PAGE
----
Elephants in Africa are close to extinction. While 1.3 million elephants were counted on the African continent in 1979, less than 30 years later, in 2007, their number had fallen to only 500,000. Since then, elephant poaching has seen a massive increase because of rising demand for ivory, especially from Asia. Between 2000 and 2012, the number of elephants was reduced by another 100,000, meaning that the elephant population on the continent was reduced by almost a quarter in only 12 years. Corruption, the enormous demand for ivory and the high profits involved make it difficult to protect these unique, intelligent and highly social land mammals. The elephant population in the Congo has been reduced by 90% over the last few years!
In the Virunga National Park the number of elephants has fallen from 3600 to only 200, and the killing continues.
The project "Save Virunga’s Elephants" consists of two sub-projects:
1. The Congohound Project: "The Park Police"
The rangers of the Congohound Unit have been trained to do police work and investigate the scenes of poaching crimes. With the help of their specially trained dogs they also trail poachers and find hidden weapons and ivory. As the biggest part of the park’s elephant population lives in the savanna at the center of the park, which is located in the so-called Tsetse Belt, we need to protect our dogs from the dangerous sleeping sickness by building special kennel compounds and putting up tsetse traps in the ranger stations where the dogs will spend much time.
a) We will build special kennel compounds in five ranger stations, at a cost of CHF 10,000 / compound. We have already been able to cover the costs of three compounds through donations made by STAB and Wilhelma Zoo and are currently looking for sponsors for the remaining two compounds.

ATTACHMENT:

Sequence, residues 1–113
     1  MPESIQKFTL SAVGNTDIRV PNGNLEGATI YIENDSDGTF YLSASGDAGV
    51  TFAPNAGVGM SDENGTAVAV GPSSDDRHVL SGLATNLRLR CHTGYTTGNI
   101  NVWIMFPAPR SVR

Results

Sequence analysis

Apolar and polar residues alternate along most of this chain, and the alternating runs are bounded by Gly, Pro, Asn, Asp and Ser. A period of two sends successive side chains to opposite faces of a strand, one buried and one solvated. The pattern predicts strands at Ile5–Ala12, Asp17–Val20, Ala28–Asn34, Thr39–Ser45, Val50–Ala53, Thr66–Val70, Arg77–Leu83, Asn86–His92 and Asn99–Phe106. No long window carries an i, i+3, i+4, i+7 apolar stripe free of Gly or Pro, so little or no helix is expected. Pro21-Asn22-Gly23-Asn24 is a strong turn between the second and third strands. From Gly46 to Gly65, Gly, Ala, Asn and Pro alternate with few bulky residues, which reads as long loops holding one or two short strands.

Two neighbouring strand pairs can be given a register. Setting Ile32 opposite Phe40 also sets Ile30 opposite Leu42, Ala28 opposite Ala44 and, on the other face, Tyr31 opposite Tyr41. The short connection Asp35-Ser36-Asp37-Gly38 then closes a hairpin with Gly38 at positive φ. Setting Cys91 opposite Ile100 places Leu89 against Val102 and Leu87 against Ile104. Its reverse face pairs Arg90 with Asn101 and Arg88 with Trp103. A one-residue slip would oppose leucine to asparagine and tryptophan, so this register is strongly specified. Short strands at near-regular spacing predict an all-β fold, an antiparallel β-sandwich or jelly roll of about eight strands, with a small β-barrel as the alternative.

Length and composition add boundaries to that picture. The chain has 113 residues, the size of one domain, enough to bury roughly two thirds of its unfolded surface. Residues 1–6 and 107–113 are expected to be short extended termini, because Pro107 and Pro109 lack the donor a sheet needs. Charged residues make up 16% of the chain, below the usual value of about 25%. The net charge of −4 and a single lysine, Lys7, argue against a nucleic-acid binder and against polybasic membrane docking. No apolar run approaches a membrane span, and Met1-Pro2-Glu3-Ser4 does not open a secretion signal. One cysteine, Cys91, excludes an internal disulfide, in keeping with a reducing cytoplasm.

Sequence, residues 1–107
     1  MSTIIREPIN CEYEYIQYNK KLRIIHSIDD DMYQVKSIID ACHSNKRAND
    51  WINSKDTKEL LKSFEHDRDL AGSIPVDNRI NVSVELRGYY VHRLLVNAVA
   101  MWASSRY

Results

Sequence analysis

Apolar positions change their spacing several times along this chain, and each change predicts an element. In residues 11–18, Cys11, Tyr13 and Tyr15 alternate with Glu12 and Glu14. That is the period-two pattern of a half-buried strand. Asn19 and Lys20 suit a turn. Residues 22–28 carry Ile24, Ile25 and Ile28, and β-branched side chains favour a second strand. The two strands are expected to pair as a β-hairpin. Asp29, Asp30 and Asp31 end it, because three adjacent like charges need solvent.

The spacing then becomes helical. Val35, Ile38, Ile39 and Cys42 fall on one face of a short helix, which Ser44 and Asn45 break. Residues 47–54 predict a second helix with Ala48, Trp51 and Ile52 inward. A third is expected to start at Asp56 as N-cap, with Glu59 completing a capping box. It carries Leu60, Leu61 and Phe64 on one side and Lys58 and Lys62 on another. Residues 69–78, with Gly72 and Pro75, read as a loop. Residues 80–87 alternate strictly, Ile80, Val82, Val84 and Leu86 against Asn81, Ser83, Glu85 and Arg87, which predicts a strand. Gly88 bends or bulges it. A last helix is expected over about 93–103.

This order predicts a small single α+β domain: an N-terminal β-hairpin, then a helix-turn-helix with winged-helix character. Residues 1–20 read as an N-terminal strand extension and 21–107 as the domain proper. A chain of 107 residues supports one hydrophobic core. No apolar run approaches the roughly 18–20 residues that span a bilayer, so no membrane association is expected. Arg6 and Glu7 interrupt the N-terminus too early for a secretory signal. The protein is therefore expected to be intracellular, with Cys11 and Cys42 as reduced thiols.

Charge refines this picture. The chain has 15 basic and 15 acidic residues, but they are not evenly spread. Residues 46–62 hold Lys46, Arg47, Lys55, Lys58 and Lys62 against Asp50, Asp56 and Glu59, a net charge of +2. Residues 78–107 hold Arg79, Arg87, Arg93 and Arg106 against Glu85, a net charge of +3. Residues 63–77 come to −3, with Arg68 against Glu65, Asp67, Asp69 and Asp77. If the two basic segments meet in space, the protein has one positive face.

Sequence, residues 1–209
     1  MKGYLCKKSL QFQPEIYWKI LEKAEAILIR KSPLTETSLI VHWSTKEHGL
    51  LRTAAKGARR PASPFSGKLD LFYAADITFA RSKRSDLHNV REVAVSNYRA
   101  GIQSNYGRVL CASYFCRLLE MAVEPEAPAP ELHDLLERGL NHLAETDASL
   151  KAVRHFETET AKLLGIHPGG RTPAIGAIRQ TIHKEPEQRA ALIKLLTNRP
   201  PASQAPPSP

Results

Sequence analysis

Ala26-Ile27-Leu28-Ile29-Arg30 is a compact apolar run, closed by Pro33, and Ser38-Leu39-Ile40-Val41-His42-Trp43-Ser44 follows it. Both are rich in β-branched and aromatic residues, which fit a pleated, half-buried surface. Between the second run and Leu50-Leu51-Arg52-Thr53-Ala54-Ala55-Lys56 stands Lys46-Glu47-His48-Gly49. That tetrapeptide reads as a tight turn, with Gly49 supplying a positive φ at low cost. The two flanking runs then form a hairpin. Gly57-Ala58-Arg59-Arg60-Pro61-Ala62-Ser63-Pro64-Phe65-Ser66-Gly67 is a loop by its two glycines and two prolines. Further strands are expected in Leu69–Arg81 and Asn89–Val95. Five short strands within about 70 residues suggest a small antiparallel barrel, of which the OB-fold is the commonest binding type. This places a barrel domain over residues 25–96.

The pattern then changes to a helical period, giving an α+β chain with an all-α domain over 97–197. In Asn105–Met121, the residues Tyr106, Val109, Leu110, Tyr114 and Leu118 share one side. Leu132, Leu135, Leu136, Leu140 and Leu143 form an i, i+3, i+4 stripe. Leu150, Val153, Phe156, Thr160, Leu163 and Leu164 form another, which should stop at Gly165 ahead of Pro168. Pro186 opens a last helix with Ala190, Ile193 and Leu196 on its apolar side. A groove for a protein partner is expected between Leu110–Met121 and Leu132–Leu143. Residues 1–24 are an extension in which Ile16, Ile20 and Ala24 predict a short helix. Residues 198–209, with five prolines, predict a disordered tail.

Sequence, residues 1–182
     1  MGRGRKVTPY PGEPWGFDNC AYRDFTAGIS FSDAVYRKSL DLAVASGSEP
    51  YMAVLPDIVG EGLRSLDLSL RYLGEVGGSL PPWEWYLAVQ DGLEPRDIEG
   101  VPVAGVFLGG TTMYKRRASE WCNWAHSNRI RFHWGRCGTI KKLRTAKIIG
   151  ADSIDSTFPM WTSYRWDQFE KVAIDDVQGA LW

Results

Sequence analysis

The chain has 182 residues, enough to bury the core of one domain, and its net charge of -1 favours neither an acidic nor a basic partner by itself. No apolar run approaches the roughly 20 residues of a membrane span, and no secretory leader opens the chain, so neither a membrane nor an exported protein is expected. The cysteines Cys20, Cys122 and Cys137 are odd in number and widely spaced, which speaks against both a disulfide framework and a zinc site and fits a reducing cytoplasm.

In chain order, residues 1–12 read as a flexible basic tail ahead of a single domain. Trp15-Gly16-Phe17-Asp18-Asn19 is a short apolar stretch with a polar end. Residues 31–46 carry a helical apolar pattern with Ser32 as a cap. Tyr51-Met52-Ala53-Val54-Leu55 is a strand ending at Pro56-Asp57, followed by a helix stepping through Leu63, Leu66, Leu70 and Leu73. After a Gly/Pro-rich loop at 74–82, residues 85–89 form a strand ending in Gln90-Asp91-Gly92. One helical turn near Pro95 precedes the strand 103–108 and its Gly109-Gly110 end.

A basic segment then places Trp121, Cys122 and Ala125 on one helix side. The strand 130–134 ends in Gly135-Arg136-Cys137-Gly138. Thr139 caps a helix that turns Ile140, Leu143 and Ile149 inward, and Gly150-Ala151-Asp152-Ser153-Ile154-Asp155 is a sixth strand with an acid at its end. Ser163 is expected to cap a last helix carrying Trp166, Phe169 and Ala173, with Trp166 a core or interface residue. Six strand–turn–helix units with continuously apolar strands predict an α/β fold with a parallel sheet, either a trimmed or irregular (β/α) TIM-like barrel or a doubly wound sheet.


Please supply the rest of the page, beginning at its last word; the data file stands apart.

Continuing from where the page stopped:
b) Tsetse traps: We will put up 5-10 tsetse traps in the stations. Estimated costs for material, construction and operation of these traps amount to CHF 500 / trap. So far we have not been able to cover these costs.
2. GPS Collars for the Matriarchs of the Remaining Herds
The program to protect mountain gorillas is a rare success story in recent species protection efforts. The population of mountain gorillas had decreased to about 400 animals and the species was close to extinction. Thanks to the commitment and dedication of the rangers, who have been risking their lives to watch and protect the animals over decades, the population of mountain gorillas has doubled. This goes to show that it is indeed possible to save even the most endangered of species by guarding the animals around the clock. We are now trying to apply the same principle to Virunga’s elephant herds. Special ranger units will continuously accompany and protect the herds. The problem with this plan is that elephants migrate a lot and are often very difficult to locate. This is why we intend to put GPS collars on the matriarchs of the documented elephant herds, making it possible to locate the individual herds via a secure system and to keep ranger units close at all times.
15 herds will be put under permanent protection:
Kasali Mountains (forest): 5 herds
Lulimbi (savanna): 6 herds
Ishango (savanna): 4 herds
After a herd has been located the matriarch will be sedated from a helicopter and will then be collared. The collar will transmit the herd’s current position in real time via a secure satellite. This will enable the rangers to guard and protect the herds around the clock.
• Rental of a helicopter
• Wildlife veterinarian for the sedation and monitoring of the animals
• Special GPS collars
• Satellite link / electronic systems at the project headquarters
• Financing of special ranger units to guard the herds around the clock
Estimated costs per herd: CHF 10,000
Total cost: CHF 150,000
Below: The highly intelligent and social animals can easily distinguish between friends and foes, as this remarkable photo demonstrates. It shows a wild bull visiting the rangers and showing his gratitude.